Chapter 5: Section 3: Carl Jung’s Analytic Psychology
A Disappointing Break
Carl Jung’s break from Freud’s Psychoanalytic Society was perhaps the most disappointing for Freud. When they met it is reported that they spent over 12 hours discussing psychoanalytic theory, and soon after, Jung became the logical successor to the society. Although he served as the society’s first president, he resigned from the organization in 1914 after intense disagreements with his mentor.
The main disagreement he had with Freud was his belief that there was more to the unconscious than Freud theorized. Jung believed that there were fears, behaviors, and thoughts that children and adults exhibit that are remarkably similar across time and culture. He believed that this was more than coincidence and represented what he called the collective unconscious.
His newly formed school of thought, Analytic Psychology, theorized about how this collective unconscious influences personality. He argued that it was made up of what he termed archetypes which are primordial images inherited from our ancestors. As support for such a theory, he spoke of the immediate attachment infants have for their mother, the inevitable fear of the dark seen in young children, and how images such as the sun, moon, wise old man, angels, and evil all seem to be predominate themes throughout history.
In his view, infants are drawn to their mother because of the unconscious image of mother that is alive in all of us and that we fear the dark because of the unconscious image of darkness. Although he described many archetypes in his writings, there are a few that have received a lot of attention and thought. These include the animus/anima, the shadow, and the self.
The animus is the masculine side of the female and the anima is the feminine side of the male. This expands on Freud’s writings that we are all born bisexual and develop normal sexual attraction through our psychosexual development. According to Jung, we all have an unconscious opposite gender hidden within us and the role of this archetype is to guide us toward the perfect mate. In other words, we project our animus/anima onto others as they project theirs onto us. When a match is made, we have found a suitable partner.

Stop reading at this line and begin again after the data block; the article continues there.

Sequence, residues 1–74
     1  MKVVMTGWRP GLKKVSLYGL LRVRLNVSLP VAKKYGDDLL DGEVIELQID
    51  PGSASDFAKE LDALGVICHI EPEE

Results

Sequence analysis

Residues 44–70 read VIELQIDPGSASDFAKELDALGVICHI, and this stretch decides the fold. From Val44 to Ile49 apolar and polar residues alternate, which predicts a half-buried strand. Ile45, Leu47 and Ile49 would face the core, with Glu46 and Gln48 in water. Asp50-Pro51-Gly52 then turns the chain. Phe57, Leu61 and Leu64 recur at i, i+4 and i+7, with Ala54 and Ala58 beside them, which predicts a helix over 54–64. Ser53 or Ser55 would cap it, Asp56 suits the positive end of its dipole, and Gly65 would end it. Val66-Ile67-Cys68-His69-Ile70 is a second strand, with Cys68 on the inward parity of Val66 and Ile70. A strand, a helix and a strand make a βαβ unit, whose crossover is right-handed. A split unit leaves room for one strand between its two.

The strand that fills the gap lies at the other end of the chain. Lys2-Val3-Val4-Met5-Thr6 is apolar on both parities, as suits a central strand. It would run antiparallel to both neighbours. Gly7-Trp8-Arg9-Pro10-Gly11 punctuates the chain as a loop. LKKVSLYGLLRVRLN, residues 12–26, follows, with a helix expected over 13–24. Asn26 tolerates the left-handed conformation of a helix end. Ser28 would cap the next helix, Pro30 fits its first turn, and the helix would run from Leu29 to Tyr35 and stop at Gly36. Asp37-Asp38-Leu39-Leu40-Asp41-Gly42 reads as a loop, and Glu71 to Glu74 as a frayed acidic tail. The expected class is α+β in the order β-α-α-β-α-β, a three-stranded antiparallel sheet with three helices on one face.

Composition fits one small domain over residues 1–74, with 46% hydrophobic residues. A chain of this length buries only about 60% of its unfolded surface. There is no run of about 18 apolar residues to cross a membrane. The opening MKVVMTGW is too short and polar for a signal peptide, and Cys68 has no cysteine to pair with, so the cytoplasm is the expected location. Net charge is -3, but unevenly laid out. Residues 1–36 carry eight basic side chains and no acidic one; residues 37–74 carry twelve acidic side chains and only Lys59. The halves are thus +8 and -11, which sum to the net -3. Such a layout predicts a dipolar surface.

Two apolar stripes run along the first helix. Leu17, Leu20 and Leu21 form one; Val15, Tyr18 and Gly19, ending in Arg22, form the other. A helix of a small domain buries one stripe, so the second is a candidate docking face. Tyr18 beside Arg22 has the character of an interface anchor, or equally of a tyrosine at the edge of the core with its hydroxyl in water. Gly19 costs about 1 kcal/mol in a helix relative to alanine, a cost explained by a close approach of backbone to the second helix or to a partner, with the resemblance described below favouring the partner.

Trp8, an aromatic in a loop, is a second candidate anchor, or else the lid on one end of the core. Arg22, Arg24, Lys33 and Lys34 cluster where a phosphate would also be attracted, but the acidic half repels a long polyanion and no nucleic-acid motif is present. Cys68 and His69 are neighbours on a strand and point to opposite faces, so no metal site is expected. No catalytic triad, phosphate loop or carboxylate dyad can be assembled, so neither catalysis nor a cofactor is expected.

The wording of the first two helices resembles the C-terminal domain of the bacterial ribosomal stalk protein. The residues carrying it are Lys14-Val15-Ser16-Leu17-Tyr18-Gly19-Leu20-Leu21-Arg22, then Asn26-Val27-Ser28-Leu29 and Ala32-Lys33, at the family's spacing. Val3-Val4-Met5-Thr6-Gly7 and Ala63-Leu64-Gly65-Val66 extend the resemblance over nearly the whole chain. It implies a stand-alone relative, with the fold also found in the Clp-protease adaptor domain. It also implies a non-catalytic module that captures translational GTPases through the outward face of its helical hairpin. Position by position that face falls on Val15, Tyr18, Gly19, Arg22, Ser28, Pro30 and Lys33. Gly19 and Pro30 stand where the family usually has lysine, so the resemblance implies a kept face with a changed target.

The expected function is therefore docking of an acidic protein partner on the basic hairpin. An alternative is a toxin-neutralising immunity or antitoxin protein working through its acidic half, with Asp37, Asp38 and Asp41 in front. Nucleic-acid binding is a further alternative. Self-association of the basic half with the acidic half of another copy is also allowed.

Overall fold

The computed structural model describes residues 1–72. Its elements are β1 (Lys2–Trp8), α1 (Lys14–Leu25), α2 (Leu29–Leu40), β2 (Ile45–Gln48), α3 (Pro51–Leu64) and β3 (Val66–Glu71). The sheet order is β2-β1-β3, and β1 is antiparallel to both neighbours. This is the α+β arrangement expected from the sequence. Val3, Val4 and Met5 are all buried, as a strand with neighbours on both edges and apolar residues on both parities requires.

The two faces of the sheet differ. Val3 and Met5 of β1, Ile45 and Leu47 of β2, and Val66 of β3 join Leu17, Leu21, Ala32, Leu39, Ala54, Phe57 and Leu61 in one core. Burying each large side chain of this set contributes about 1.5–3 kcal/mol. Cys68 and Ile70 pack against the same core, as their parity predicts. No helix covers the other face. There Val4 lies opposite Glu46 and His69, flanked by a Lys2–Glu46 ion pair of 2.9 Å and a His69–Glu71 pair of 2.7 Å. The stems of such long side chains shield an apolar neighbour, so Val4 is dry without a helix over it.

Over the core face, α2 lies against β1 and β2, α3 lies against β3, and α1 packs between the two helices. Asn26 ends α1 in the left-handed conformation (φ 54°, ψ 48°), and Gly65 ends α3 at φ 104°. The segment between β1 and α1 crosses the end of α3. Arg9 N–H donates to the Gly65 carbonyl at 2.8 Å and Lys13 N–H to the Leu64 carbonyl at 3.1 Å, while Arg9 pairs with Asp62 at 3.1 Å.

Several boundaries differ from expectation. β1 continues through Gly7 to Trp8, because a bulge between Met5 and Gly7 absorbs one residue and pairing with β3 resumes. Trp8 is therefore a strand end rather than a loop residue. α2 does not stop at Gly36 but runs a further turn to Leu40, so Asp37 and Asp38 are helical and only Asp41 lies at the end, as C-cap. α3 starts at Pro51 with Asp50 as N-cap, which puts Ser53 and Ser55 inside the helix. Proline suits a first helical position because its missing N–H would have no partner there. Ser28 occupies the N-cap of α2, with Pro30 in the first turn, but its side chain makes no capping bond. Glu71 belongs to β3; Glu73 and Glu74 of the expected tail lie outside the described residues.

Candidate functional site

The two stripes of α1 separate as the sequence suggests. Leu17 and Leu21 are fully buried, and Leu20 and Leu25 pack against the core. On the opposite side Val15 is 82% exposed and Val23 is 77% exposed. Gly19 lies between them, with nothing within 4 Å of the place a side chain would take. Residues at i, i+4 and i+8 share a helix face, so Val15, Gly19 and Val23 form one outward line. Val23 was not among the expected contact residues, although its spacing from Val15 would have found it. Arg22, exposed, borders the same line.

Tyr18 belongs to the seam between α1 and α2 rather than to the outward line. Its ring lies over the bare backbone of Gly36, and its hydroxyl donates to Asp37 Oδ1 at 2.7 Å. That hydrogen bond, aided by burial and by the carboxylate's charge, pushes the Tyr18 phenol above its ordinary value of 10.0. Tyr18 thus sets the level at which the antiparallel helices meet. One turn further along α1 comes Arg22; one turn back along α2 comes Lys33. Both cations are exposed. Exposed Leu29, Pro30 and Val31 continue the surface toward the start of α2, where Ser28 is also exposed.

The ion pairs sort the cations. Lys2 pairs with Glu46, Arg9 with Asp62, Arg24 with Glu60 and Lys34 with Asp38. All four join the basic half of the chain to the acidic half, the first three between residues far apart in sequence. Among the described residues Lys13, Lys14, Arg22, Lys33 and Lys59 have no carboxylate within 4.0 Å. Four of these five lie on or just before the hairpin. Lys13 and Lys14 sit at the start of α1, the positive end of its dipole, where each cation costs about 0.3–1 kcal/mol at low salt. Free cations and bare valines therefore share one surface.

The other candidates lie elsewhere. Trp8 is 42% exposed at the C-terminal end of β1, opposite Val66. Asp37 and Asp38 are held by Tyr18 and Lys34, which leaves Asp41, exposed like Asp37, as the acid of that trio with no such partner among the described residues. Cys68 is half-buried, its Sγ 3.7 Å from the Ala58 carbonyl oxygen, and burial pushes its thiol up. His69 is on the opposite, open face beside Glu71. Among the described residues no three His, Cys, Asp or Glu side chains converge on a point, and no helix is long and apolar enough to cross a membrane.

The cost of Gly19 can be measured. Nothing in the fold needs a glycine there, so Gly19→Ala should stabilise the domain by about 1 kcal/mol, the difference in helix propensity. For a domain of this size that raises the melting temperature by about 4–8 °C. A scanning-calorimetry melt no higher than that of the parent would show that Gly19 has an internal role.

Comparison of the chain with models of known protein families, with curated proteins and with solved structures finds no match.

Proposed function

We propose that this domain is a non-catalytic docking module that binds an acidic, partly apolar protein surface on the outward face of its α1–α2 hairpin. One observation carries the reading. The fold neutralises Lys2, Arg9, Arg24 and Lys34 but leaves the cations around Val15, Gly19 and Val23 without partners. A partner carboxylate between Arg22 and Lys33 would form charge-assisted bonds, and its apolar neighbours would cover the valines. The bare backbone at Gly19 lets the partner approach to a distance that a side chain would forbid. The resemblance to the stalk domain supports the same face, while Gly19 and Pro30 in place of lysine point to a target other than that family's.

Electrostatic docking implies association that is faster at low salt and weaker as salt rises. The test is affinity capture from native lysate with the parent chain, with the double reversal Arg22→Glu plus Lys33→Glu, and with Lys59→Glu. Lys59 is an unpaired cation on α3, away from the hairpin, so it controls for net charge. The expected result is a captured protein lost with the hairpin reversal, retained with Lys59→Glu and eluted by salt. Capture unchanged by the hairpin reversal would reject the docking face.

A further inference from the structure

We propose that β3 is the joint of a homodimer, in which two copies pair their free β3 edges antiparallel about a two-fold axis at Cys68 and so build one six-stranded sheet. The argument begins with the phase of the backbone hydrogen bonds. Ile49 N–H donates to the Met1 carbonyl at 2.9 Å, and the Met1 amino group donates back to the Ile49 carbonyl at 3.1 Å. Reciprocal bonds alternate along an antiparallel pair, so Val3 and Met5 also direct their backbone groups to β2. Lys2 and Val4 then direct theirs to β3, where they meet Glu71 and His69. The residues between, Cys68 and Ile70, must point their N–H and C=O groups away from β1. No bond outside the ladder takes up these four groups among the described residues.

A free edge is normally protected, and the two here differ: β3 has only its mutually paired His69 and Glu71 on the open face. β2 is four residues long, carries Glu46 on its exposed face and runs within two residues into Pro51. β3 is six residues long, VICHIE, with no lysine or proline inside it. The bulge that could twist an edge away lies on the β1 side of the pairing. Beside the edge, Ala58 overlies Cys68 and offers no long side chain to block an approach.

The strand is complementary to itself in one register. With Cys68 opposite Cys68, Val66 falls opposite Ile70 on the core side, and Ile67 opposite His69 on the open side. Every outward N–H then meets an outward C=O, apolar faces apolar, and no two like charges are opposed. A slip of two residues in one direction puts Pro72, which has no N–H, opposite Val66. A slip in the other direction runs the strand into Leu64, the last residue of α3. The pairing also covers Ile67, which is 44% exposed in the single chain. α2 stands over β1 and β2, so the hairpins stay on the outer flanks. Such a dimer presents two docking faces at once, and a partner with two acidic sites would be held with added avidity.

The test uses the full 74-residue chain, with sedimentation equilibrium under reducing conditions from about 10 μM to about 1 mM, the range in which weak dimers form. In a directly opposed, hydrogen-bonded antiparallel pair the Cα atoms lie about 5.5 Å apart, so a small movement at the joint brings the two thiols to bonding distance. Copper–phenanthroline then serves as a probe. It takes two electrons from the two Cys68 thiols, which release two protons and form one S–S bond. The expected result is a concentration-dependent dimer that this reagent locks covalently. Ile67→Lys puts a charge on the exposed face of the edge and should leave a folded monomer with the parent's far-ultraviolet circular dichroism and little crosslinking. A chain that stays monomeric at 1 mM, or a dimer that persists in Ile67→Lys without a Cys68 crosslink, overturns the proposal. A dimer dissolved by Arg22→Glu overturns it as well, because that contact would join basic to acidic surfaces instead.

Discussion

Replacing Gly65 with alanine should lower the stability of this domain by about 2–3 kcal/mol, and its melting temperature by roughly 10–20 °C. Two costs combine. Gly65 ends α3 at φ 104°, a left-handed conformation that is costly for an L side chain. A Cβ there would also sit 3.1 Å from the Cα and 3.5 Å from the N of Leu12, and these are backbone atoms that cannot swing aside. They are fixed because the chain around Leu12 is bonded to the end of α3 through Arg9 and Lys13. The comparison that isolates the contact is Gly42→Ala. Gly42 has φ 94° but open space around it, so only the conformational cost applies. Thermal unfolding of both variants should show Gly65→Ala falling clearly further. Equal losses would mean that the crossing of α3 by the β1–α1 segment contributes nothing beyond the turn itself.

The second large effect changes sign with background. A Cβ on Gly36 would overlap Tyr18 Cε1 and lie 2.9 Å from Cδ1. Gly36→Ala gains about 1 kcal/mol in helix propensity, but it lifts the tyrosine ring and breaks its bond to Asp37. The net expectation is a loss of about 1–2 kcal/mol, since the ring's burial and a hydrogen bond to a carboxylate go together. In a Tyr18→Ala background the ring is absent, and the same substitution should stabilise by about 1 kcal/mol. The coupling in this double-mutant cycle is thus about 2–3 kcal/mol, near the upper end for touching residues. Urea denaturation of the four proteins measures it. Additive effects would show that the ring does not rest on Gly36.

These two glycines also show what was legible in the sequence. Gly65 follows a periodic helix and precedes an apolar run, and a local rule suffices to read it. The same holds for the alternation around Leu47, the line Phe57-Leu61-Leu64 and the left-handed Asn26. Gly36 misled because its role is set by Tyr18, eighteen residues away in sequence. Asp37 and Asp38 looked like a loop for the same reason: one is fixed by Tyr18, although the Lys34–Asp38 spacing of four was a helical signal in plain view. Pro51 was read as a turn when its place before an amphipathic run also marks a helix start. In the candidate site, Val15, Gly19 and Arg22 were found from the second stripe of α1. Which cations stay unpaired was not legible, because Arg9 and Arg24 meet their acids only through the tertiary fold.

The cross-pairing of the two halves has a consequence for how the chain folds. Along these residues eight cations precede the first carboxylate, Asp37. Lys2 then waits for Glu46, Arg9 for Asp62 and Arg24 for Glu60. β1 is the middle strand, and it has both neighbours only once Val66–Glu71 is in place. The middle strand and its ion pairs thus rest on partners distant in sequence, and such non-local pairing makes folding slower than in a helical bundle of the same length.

Another archetype is called the shadow which is basically the unconscious negative or dark side of our personality. The shadow, like all other archetypes, is passed down through history and given different names depending on time and culture. In Judeo-Christian writings, according to Jung, the shadow archetype is called the Devil.
Finally, the self archetype is the unifying part of all of us that finds balance in our lives. Working with the ego (which is partly in our personal unconscious), it helps us manage the other archetypes and helps us feel complete.
While his writings are poetic at times and nearly impossible to follow at others, the remarkable way his theories blend with myths, folklore, and legends has kept his theories alive. Are his archetypes nothing more than naturally born instincts or are they an unconscious representation of our long dead ancestors? Many argue that Jung has pieced together an important, and previously missing, explanation of these personality aspects that we all share.